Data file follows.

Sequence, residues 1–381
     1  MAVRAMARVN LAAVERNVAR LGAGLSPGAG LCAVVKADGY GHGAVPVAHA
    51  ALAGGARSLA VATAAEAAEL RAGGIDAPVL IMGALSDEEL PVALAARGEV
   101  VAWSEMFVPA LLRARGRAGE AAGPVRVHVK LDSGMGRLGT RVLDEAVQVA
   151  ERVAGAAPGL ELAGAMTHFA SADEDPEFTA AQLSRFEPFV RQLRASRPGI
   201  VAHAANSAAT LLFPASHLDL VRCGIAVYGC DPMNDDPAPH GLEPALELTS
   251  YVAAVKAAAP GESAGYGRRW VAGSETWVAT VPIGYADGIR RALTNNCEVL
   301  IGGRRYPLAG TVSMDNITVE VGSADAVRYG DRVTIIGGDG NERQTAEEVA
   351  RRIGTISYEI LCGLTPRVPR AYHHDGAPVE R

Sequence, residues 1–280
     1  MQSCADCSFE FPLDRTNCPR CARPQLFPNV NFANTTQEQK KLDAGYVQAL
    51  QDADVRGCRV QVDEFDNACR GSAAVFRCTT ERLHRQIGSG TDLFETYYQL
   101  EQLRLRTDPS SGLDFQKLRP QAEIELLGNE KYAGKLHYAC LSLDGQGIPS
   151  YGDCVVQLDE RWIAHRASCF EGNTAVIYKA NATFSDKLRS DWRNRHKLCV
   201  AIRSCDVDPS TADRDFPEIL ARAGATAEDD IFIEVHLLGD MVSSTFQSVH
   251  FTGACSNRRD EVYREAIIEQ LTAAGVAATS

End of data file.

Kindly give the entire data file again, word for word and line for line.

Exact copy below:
Sequence, residues 1–381
     1  MAVRAMARVN LAAVERNVAR LGAGLSPGAG LCAVVKADGY GHGAVPVAHA
    51  ALAGGARSLA VATAAEAAEL RAGGIDAPVL IMGALSDEEL PVALAARGEV
   101  VAWSEMFVPA LLRARGRAGE AAGPVRVHVK LDSGMGRLGT RVLDEAVQVA
   151  ERVAGAAPGL ELAGAMTHFA SADEDPEFTA AQLSRFEPFV RQLRASRPGI
   201  VAHAANSAAT LLFPASHLDL VRCGIAVYGC DPMNDDPAPH GLEPALELTS
   251  YVAAVKAAAP GESAGYGRRW VAGSETWVAT VPIGYADGIR RALTNNCEVL
   301  IGGRRYPLAG TVSMDNITVE VGSADAVRYG DRVTIIGGDG NERQTAEEVA
   351  RRIGTISYEI LCGLTPRVPR AYHHDGAPVE R

Sequence, residues 1–280
     1  MQSCADCSFE FPLDRTNCPR CARPQLFPNV NFANTTQEQK KLDAGYVQAL
    51  QDADVRGCRV QVDEFDNACR GSAAVFRCTT ERLHRQIGSG TDLFETYYQL
   101  EQLRLRTDPS SGLDFQKLRP QAEIELLGNE KYAGKLHYAC LSLDGQGIPS
   151  YGDCVVQLDE RWIAHRASCF EGNTAVIYKA NATFSDKLRS DWRNRHKLCV
   201  AIRSCDVDPS TADRDFPEIL ARAGATAEDD IFIEVHLLGD MVSSTFQSVH
   251  FTGACSNRRD EVYREAIIEQ LTAAGVAATS